Turkey’s shooting down of a Russian fighter jet near the border between Syrian and Turkey serves the interest of “sociopath” war hawks in Washington, said Daniel Patrick Welch.
Turkey’s shooting down of a Russian fighter jet near the border between Syria and Turkey serves the interest of “sociopath” war hawks in Washington eager for a conflict with Moscow, an American writer and political analyst says.
The downing of the war plane was a “very dangerous” escalation likely carried out with the authorization of NATO and Washington, said Daniel Patrick Welch, an outspoken critic of US foreign policy.
“It all winds up being in the service of the sociopaths in Washington, who for some crazy reason, are spoiling for a fight with Russia, Welch told Press TV on Tuesday.
He noted that Turkish President Recep Tayyip Erdoğan has been “fully in the service” of the US and the Daesh (ISIL) terrorist group. “The trouble is that Erdogan has been fully in the service of empire and of ISIS for years. So it’s a very, very, very dangerous thing, it’s a crazy thing.”
On Tuesday, NATO member Turkey shot down a Russian fighter jet, claiming the aircraft had repeatedly violated its air space.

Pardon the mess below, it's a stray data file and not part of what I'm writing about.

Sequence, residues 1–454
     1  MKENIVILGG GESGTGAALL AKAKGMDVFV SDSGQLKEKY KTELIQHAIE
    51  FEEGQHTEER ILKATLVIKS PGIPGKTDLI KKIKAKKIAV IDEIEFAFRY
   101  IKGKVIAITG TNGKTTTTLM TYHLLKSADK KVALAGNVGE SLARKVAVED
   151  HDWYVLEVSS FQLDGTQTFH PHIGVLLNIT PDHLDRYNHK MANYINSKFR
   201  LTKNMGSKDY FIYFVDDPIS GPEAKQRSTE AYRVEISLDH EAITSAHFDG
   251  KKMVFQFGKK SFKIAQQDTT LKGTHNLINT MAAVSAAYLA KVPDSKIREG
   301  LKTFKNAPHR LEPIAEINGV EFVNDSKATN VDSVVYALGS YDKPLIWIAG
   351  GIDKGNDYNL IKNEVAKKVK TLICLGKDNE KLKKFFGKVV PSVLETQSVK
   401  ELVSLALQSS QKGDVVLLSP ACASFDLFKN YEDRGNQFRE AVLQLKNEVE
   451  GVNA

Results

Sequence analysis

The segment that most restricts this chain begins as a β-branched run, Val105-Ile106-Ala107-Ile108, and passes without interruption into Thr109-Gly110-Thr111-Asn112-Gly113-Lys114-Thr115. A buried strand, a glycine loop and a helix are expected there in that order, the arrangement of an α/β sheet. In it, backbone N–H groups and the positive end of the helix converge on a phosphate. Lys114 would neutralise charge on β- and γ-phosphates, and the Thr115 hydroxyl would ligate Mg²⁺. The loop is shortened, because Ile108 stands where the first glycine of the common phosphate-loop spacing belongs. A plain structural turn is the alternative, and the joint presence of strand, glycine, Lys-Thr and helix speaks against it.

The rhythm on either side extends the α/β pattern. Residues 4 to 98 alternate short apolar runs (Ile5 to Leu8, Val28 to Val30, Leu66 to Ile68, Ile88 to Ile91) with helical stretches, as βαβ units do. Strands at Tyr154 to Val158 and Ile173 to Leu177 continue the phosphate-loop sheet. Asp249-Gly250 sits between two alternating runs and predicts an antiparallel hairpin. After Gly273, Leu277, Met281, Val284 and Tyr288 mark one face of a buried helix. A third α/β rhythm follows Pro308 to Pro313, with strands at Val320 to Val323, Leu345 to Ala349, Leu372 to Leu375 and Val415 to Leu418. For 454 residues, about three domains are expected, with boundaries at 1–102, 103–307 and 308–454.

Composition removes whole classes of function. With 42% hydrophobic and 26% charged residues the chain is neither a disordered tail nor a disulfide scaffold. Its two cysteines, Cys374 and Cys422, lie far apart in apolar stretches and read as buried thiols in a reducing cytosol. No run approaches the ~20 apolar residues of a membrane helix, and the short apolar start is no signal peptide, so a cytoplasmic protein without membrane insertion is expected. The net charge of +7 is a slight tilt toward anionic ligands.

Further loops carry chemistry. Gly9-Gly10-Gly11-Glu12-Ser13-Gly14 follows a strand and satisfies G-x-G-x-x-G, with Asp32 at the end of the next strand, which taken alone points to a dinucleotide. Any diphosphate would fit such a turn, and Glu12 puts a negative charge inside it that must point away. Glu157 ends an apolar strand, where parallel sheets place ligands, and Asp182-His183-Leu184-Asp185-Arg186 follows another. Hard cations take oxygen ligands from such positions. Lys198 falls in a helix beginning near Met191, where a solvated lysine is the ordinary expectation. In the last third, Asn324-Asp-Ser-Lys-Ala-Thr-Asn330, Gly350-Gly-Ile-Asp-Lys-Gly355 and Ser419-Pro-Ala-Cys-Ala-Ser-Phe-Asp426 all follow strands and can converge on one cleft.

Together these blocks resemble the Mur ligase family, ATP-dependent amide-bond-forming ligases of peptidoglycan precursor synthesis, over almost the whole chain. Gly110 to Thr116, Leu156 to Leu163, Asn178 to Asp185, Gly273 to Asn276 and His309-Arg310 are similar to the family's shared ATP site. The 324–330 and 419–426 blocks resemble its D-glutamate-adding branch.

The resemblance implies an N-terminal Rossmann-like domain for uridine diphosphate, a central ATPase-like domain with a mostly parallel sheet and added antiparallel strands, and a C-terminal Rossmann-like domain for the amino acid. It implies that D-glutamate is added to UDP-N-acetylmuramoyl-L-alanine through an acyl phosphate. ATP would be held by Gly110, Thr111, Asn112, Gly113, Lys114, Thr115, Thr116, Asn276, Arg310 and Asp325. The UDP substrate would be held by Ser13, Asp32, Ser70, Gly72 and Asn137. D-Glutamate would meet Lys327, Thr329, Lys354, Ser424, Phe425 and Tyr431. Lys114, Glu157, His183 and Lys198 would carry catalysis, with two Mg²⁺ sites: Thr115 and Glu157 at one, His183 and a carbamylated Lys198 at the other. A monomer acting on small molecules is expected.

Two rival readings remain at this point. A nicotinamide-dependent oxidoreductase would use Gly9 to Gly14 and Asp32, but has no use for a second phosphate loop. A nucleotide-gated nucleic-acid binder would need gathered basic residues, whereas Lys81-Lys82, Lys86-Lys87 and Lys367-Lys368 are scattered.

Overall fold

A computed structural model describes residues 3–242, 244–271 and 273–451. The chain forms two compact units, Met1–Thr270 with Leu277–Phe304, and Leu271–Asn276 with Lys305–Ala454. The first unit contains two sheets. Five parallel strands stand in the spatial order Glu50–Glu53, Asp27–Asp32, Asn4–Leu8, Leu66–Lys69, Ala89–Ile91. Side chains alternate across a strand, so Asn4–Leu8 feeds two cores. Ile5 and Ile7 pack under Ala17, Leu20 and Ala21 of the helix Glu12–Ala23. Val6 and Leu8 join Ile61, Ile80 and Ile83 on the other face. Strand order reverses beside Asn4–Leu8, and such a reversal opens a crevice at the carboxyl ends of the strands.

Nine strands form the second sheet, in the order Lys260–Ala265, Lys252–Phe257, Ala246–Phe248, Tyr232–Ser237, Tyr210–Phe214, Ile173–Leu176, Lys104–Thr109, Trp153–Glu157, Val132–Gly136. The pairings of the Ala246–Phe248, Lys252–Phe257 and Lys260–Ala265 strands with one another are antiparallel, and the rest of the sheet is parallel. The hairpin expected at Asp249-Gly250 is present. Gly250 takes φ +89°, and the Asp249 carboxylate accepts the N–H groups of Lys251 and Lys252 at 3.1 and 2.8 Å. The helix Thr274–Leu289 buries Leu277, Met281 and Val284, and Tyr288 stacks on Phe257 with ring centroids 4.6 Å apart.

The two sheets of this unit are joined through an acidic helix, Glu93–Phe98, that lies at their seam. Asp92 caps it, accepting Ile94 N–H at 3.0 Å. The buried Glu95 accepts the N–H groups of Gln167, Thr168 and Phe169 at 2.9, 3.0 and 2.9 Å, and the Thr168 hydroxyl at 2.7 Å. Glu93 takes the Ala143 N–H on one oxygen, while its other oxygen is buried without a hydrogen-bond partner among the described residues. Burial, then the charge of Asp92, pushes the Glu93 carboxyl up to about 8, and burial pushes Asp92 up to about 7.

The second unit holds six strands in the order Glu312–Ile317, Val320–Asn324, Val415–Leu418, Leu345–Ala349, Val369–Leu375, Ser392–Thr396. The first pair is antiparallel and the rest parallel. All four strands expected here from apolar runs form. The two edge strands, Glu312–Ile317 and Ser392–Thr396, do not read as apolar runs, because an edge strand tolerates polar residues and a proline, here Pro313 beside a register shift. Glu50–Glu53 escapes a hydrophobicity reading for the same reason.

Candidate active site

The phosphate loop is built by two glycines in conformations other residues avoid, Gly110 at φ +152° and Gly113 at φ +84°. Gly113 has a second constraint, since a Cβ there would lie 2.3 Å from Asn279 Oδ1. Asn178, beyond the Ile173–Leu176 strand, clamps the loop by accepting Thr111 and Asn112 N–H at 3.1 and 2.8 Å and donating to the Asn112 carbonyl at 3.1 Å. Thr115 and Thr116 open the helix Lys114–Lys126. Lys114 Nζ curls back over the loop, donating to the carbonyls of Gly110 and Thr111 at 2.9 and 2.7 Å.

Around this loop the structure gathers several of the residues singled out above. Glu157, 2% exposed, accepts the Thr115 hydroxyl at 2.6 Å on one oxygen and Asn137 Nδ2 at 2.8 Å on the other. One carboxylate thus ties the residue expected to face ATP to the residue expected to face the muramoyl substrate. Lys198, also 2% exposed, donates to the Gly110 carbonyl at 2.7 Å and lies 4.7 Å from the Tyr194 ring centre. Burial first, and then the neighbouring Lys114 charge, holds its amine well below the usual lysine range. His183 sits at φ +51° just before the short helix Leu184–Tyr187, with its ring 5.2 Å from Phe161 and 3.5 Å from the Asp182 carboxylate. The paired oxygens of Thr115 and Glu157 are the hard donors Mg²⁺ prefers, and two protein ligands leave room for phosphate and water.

Russian President Vladimir Putin said the jet had been attacked when it was 1 kilometer inside Syria. He warned of “serious consequences” and called it a “stab in the back” administered by “the accomplices of terrorists.”
Despite branding this a clear act of war, Welch thinks Russia’s best option is not to retaliate in kind.“I think the best outcome would be a sharp strengthening of the resolve both among the population, who is going to witness Turkmen beating a Russian pilot to death [shooting out of the sky] and by the policy drivers, that there is no partnership with the West.”
“There is no one there to talk to, that they will always be stabbed in the back, like Putin said today, and that the drive toward separation, and integration with BRICS, with China, etc, has to be accelerated on all fronts” the analyst said.
And while it may seem an aggressive act, Welch sees the West as increasingly desperate in the face of Russian and Syrian success on the ground: “They are trying desperately — they see their regime change operation (Greater Israel proxy war) in Syria going down in flames — literally. And they are trying desperately to keep the thing going so they can maybe eke out a partial victory. I think it’s not going to work.”
Russia has been conducting airstrikes on Daesh positions at the request of the Syrian government since September 30.
Syria has been gripped by deadly violence since March 2011. The United States and its regional allies – especially Qatar, Saudi Arabia and Turkey – have been supporting the militants operating inside Syria since the beginning of the crisis.
ISIL terrorists, who were initially trained by the CIA in Jordan in 2012 to destabilize the Syrian government, have taken over swaths of land in Syria and Iraq.
The Takfiri group has claimed responsibility for the attacks in Parris, France earlier this month that allegedly killed 130 people.